Last night at Journey of Hope (the weekly Monday night service that my son Benjamin leads here at Applegate) we saw the new “Creative” (very short video) dealing with navigating the storms that come our way from to time.
I believe this Creative (titled Lighthouse) will encourage your heart and also be one that you may want to send to others you know may be in the midst of a storm.
Take a look (it’s only two minutes long) and be blessed!
If you would like to view more of these very encouraging Creatives, just click on the link below. They really are great!
Well, Sail on Sailors, for The Captain of our Salvation is at the helm heading us toward that Heavenly Haven of Rest ... and it won’t be long until we all safely arrive and at last are Home!!!
Praising our Saviour,
Then saith the woman of Samaria unto him, How is it that thou, being a Jew, askest drink of me ...
Why isn’t Jesus a Gentleman here? Why doesn’t He say, ‘Let Me draw water for you?’ It seems that would be the right thing to do. In actuality, however, Jesus is demonstrating a very important principle. ‘Give to Me,’ He says to the woman — not because He wants the water, but because He wants her heart. He wants to see her saved. You see, oftentimes, we as believers err on this point. We think, ‘What can I do for other people to find a way of entry into witnessing or sharing?’ While there certainly is a place for that, often letting people do something for you — humbling yourself and allowing them to make an investment in or give assistance to you — is the most effective way to reach them.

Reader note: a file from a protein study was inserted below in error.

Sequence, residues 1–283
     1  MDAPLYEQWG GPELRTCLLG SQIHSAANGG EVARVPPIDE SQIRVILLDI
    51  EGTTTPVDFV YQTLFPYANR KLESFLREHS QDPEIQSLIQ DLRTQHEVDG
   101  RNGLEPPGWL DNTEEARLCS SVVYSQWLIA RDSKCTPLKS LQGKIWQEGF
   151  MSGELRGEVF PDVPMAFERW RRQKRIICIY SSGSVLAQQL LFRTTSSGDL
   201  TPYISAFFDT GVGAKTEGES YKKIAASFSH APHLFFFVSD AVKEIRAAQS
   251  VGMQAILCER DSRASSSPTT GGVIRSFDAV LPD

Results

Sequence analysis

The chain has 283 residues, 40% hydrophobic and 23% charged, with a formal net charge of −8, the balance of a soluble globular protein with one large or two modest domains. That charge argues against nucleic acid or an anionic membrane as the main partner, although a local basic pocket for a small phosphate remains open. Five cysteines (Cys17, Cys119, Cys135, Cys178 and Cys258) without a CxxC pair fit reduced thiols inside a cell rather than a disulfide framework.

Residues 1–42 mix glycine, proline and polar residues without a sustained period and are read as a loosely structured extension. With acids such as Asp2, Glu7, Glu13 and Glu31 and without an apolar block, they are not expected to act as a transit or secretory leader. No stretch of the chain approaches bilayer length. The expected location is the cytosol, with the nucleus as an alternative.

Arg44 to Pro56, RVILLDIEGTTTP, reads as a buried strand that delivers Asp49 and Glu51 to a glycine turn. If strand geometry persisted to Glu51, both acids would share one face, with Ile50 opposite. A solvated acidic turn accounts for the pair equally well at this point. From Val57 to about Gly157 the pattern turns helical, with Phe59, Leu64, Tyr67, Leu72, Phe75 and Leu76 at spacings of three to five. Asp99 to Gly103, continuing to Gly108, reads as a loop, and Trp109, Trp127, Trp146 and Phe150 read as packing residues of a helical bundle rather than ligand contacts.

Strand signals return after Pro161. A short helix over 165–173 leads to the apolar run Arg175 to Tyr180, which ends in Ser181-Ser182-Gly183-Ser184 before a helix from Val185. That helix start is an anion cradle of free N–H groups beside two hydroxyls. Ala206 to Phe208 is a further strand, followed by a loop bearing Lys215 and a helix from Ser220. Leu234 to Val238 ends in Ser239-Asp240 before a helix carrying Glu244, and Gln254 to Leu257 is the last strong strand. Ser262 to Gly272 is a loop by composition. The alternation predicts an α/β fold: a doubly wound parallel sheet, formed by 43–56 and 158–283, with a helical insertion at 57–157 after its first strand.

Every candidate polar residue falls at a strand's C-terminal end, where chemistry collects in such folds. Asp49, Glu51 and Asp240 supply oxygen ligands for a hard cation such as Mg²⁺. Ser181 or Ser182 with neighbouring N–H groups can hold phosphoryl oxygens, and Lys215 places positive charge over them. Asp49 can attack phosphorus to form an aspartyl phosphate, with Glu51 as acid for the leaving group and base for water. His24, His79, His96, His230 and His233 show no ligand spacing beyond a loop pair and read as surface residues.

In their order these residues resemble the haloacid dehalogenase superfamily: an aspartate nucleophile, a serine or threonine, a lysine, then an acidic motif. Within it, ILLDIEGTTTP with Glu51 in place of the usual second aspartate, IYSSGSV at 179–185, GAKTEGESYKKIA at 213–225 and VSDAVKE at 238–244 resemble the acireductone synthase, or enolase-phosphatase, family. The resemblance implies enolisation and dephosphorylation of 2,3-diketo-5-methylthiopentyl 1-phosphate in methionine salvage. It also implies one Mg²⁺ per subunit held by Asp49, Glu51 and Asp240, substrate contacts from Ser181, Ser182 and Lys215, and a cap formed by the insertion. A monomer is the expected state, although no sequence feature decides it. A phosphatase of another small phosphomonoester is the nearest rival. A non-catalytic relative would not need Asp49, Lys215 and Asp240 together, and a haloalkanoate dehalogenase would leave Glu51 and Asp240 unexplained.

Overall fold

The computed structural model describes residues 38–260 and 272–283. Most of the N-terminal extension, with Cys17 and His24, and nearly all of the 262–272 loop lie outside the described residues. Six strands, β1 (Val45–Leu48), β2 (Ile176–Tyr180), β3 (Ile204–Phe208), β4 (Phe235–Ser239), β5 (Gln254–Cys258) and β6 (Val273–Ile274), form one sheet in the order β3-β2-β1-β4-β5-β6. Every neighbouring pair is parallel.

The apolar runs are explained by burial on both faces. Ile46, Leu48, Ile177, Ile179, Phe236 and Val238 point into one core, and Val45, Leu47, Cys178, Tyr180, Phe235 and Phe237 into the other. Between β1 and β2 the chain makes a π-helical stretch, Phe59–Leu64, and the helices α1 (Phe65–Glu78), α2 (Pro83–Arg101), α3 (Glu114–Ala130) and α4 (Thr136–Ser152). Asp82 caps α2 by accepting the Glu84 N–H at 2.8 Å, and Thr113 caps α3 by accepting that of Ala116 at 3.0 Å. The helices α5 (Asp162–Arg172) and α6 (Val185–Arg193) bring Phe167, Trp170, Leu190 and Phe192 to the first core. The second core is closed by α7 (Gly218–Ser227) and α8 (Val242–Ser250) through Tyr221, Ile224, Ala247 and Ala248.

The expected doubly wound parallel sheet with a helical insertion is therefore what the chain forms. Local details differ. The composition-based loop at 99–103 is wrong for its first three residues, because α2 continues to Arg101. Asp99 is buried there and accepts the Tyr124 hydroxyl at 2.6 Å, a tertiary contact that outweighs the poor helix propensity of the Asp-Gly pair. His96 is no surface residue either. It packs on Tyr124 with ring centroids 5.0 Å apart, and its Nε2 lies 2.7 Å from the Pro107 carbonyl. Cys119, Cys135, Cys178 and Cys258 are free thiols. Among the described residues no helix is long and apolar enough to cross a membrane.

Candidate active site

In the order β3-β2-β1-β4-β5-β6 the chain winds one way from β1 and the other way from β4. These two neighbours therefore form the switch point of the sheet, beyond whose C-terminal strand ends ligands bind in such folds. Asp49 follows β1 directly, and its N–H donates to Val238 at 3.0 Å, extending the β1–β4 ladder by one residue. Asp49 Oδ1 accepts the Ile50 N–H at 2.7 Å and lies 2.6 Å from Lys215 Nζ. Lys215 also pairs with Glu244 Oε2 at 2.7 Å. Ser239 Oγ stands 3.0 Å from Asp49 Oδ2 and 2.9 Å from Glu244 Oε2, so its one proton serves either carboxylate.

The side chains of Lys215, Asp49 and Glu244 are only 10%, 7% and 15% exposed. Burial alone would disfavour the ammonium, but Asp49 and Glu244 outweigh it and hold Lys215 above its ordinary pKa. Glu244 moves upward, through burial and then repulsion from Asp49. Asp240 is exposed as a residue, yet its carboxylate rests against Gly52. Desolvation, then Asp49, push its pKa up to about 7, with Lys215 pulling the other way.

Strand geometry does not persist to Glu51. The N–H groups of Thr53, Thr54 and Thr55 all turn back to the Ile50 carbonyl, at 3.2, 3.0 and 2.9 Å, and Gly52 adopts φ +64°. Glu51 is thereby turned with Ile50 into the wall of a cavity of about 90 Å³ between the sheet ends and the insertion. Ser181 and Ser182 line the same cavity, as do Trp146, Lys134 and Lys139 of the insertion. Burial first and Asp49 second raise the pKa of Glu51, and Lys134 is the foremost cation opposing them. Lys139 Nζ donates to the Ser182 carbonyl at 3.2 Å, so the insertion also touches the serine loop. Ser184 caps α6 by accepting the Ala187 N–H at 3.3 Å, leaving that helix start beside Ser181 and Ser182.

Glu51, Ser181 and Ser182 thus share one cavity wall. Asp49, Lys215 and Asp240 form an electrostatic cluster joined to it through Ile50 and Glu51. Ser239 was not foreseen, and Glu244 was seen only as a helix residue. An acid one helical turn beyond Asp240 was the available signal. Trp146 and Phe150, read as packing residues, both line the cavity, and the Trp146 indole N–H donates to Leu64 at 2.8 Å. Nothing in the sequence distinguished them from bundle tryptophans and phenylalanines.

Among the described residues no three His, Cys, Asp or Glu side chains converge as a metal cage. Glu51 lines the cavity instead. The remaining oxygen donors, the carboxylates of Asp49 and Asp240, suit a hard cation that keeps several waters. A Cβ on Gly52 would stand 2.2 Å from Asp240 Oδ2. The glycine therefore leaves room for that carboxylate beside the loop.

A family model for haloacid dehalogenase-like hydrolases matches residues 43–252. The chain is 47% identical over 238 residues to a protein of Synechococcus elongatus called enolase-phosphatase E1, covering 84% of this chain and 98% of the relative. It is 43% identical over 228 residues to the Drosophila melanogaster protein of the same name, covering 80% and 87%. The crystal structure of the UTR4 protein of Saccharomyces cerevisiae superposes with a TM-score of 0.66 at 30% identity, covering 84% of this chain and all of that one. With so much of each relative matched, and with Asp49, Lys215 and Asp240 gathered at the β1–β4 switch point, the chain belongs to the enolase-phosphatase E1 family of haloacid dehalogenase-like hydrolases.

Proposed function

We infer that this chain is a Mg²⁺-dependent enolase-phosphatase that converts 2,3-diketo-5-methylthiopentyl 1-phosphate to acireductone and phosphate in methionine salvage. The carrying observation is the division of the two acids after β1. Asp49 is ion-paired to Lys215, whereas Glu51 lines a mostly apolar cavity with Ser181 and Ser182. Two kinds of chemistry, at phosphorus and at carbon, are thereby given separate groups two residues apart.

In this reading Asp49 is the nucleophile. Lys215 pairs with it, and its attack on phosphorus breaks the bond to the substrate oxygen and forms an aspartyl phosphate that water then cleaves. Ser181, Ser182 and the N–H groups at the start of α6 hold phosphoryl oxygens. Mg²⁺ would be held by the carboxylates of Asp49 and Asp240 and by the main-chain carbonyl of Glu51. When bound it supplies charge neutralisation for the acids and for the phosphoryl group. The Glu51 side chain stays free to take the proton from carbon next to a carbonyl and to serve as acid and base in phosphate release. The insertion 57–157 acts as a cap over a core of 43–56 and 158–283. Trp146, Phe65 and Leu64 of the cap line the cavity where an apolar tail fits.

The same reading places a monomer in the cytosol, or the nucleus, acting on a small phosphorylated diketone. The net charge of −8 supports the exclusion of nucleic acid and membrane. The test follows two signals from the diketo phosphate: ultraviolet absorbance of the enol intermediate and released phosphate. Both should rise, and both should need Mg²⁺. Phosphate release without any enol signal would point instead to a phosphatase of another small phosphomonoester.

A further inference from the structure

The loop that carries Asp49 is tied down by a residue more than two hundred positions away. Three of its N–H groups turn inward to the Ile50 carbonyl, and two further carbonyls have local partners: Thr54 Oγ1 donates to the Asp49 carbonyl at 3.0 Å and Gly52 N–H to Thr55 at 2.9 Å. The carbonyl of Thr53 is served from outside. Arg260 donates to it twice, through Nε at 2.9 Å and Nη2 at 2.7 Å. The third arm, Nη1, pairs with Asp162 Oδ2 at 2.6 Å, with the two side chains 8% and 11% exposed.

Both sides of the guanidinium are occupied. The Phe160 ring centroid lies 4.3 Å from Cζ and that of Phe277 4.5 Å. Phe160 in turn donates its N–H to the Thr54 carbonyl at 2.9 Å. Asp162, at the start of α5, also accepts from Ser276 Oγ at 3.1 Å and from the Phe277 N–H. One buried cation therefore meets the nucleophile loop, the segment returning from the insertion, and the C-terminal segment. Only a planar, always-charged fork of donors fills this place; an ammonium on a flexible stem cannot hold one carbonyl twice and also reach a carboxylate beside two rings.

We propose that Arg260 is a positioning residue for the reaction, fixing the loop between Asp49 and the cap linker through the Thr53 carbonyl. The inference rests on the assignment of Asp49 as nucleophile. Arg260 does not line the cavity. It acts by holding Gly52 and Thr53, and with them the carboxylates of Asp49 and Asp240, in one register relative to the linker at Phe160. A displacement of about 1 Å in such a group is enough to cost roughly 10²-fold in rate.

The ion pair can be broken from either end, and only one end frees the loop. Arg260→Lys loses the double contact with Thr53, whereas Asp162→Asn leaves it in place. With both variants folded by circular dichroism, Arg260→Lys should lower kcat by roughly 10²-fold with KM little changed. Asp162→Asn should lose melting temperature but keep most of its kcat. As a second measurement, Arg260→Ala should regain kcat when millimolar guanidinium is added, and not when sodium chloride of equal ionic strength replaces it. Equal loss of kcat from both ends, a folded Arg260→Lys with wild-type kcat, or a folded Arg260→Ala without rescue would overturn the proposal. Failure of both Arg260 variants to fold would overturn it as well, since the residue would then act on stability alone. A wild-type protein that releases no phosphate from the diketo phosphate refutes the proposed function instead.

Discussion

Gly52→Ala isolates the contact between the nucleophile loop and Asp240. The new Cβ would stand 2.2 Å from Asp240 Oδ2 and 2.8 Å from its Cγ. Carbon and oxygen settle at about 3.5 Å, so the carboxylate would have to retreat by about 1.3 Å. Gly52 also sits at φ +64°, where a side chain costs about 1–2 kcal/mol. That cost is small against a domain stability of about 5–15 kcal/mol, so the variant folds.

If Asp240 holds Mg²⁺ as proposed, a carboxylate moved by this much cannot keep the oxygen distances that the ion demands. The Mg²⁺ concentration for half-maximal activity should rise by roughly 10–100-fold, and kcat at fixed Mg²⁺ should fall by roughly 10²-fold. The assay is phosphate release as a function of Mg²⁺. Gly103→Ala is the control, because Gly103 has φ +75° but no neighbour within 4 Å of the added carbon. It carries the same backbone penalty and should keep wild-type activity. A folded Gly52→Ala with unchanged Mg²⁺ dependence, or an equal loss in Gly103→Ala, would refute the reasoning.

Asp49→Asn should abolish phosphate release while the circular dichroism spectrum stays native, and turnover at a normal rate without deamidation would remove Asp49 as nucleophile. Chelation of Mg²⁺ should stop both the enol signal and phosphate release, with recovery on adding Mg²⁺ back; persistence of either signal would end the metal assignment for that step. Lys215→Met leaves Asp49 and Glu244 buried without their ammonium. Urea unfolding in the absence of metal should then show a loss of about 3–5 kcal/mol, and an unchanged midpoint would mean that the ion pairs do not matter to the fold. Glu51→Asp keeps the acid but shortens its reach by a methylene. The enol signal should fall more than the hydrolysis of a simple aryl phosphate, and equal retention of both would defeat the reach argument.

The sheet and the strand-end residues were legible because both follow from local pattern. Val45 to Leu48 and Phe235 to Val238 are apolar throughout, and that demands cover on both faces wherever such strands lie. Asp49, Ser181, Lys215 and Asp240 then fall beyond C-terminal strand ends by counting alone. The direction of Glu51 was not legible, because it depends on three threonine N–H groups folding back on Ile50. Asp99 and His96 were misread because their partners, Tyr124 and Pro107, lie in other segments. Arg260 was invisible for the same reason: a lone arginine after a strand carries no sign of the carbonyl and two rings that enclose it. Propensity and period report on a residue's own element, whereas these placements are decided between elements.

Jesus knew that wherever a person’s treasure is, his heart would be there as well (Matthew 6:21). If someone shares with you something of his ‘treasure’, something of his heart will be sure to follow — affording you the opportunity of touching his heart with the Gospel. It’s hard because we want to be helpers, not help-ees. We want to be the givers because it’s truly more blessed to give than to receive. But, as Jesus shows us, sometimes it’s imperative to receive in order that another might come into the Kingdom.
The classic Biblical example of this principle is found in Numbers 10. As Moses prepares to lead the people of Israel on their journey towards the Promised Land, he invites his Gentile brother-in-law to join them. ‘Hobab, come with us. It’s a good land to which we are going, and good things will happen to you if you travel in our company.’
‘Sorry,’ said Hobab. ‘I’m going back to my own people.’
It was then that Moses changed his tactic. ‘Hobab,’ he said, ‘we need you. You understand the wilderness. You can be our eyes. Would you help us?’
Hobab agreed, and ended up in the Promised Land with the people of Israel (Judges 4:11).
How important it is that we don’t come across simply as those who say, ‘We’re going to Heaven. We’re great. Join us.’ Rather, sometimes we need to say, ‘We need you. The talents you have, the abilities you’ve been given would be such an asset to us.’
So it is, that, although in Chapter 3, Jesus said to Nicodemus, ‘You must be born again,’ here in an entirely different situation, He says, ‘Woman, give me to drink.’ And both would be saved.